That might be what he’s is saying but to provide context on what is actually happening to a non-pf2e player:For perspective I am a 5e player and have no PF2 experience so take this with a grain of salt. The take away message I got from his video was that because of PF2 crunchiness and very robust feat system, this tends to player characters being over specialized which leads to characters being one trick ponies in combat whereas in 5e because it's less crunchy mechanically with less character customization, characters tend not to be as specialized which leads to more viable options in combat. Plus if both systems are kind of repetitive in combat, might as well go with the less complex system.
- pathfinder 2e has a large amount of mechanical support for encounters that are NOT straight combat (that is a monster appears and attacks until defeated, final fantasy style).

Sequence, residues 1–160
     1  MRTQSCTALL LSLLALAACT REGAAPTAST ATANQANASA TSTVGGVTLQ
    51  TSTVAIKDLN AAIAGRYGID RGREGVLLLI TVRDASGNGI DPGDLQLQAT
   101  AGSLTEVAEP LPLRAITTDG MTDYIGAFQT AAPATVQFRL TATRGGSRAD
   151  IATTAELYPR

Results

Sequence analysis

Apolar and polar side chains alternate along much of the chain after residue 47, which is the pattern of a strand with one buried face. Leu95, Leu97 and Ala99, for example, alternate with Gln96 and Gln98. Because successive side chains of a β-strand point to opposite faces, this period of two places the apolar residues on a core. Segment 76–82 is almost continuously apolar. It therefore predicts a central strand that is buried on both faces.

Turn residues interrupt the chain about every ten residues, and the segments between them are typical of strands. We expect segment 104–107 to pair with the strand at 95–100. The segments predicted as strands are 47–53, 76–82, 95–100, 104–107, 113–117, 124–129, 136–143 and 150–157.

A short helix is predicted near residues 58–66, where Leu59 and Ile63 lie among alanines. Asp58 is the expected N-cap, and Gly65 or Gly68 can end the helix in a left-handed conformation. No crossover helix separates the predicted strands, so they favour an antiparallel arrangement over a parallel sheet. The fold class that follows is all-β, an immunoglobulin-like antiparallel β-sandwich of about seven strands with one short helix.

- Cody runs only straight combat encounters.
- thus the system feels over-designed or too complex to him because of #1 and #2.
- since he only runs straight combat encounters his players know pretty much what to do and so ‘optimize’ to face it. He calls this the “illusion of choice” and blames it on the system and not himself from #2.
- when people pointed out the above and suggested he change #2 (which would also fix #3 and #4), he felt personally attacked as not being creative and lashed out.
- he then used a badly done and cherry-picked example to try and prove point #4, completely ignoring the fact that the #4 stems from #2 and running a variety of encounters instead of straight combat after straight combat would fix the issue.